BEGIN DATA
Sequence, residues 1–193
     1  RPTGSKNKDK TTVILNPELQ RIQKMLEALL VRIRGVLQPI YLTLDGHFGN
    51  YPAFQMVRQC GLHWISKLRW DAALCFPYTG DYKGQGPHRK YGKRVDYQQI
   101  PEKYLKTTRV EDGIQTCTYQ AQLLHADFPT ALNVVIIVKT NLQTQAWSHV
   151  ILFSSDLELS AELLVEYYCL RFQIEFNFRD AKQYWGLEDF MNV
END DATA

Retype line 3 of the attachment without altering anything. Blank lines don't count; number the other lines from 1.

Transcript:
    51  YPAFQMVRQC GLHWISKLRW DAALCFPYTG DYKGQGPHRK YGKRVDYQQI